After performing across the nation, this local dance troupe returns home for a show that includes the premiere of Amy Seiwert’s The Reflective Surface, a new work by Marc Brew, and Yvonne Rainer’s Trio A. April 11–13. 8 p.m. Fri.–Sat., 2 p.m. Sun., $10–$25. Malonga Casquelourd Center for the Arts, 1428 Alice St., Oakland, www.AxisDance.org.
After filming a new comedy special but before returning to NBC in a new sitcom, one of the funniest comedians ever stops off in Oakland to lay out some new material and, most likely, hit on the topics that propelled him to stardom—husbands and wives, children and parenting, and the elephant under dad’s chair that lifted him three feet off the ground. April 12. 8 p.m. $37.50–$67.50. The Paramount Theatre, 2025 Broadway, Oakland, www.ParamountTheatre.com.
The Coast of Utopia
Shotgun Players isn’t content to settle for one installment in Tom Stoppard’s trilogy, oh, no. It’s bringing you each of the three parts—Voyage, Shipwreck, and Salvage—that tackle philosophical issues in prerevolution Russia. For die-hard Stoppard fans, Shotgun will marathon the roughly nine-hour trilogy on April 5 and 26 ($100–$125). Through April 17. Various times, $20–$30. The Ashby Stage, 1901 Ashby Ave., Berkeley, www.ShotgunPlayers.org.
An Evening with Patti LuPone and Mandy Patinkin
Following their 1980 Tony Award–winning performances in Evita, the Broadway legends reunite for a love story told entirely through some of the greatest songs ever written for the stage. One of the hottest shows in town—keep an eye out for additional tickets to open up. April 26. 8 p.m., $100–$250. Stanford University, Bing Concert Hall, 327 Lasuen St., Stanford, www.Live.Stanford.edu.
Destiny Arts Center, the Oakland-based arts education and violence prevention center, launches its 25th anniversary year with the Destiny Arts Youth Performance Company, or DAYPC, dancing at Laney College this spring in Impact. Anniversary celebrations culminate with a benefit gala May 17. April 4, 5, 7:30 p.m.; April 8, 10 a.m. and 1:30 p.m.; April 12, 2 p.m. and 7:30 p.m.; April 13, 5 p.m. $13–$30. Laney College Theater, 900 Fallon St., Oakland, www.DestinyArts.org.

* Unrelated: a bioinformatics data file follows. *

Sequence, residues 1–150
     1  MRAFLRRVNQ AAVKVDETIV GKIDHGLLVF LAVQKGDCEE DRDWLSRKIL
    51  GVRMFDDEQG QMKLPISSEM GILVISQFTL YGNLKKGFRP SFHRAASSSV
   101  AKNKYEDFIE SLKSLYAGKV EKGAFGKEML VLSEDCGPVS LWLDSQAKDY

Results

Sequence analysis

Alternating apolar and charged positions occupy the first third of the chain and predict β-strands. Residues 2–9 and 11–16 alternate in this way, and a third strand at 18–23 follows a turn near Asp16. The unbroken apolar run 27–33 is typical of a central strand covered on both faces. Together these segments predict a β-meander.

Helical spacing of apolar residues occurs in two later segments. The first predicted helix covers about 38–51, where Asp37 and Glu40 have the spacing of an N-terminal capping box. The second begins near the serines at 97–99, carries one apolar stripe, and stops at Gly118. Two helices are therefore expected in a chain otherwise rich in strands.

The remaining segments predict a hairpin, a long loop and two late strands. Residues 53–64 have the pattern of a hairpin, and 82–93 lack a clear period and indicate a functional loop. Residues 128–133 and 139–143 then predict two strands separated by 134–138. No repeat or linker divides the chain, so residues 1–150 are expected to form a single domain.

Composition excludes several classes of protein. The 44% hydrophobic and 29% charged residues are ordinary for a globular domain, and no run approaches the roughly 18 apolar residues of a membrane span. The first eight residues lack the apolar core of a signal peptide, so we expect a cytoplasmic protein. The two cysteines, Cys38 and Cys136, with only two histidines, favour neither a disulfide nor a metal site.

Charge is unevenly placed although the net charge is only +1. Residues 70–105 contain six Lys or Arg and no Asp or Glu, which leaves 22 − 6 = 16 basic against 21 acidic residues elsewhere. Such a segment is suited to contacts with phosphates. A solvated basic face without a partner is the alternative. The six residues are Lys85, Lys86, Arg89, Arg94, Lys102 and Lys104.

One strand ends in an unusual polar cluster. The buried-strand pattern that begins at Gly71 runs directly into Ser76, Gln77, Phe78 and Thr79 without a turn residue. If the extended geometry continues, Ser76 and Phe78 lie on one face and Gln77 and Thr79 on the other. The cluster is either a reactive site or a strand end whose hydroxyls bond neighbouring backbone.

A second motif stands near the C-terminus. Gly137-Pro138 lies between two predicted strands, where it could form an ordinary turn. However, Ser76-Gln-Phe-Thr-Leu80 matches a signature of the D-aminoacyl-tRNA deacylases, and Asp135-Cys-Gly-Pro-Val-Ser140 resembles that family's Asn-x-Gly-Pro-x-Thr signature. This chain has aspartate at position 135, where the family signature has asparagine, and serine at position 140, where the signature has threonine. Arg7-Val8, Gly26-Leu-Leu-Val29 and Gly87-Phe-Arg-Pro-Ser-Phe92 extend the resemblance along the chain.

Aurora Theatre Company breaks in its second stage, Harry’s UpStage, with an inaugural production of John W. Lowell’s cat-and-mouse thriller set in 1931 Soviet Union, a time when nothing is as it seems and secret agendas drive everyone. Previews begin April 17. April 24–May 25. Times vary, $32–$60. Aurora Theatre, Harry’s UpStage, 2081 Addison St., Berkeley, www.AuroraTheatre.org.
The incomparably hilarious comedian returns to the town in which he grew up for two nights of stand-up. The former circus ringmaster and writer for Richard Pryor, Saturday Night Live, and In Living Color has more recently received notoriety for his appearances on Chappelle’s Show and his own live comedy specials and albums. April 18–19. 8 p.m. and 10:30 p.m., Fri.–Sat., $39. Yoshi’s Oakland, 510 Embarcadero W, Oakland, www.Yoshis.com/Oakland.
Center REP presents Anthony Shaffer’s British thriller, in which a mystery writer invites his wife’s lover to join him at his mansion and in a scheme that will solve all of their problems. Previews begin March 28. April 1–26. Various times, $33–$54. Lesher Center for the Arts, 1601 Civic Drive, Walnut Creek, www.CenterRep.org.
The Vagina Monologues
If you’ve yet to catch the critically acclaimed show that uses hundreds of interviews to explore women’s sexuality and the stigmas surrounding rape and abuse, this production gives you yet another opportunity and benefits the California Coalition for Women Prisoners. April 16–17. 7 p.m., $20–$25. The Uptown Nightclub, 1928 Telegraph Ave., Oakland, www.UptownNightClub.com.
Aurora Theatre Company presents the Bay Area premiere of David Davalos’ historical mash-up comedy. Returning to college after an eye-opening summer spent with Copernicus and his crazy, revolutionary, rotational-rational ideas, Hamlet finds himself caught between two professors, Martin Luther and Doctor Faustus, who vie for the young prince’s mind and soul. Previews begin April 4. April 10–May 4. Times vary, $32–$60. Aurora Theatre, 2081 Addison St., Berkeley, www.AuroraTheatre.org.
Albatross’ 50th Anniversary Celebration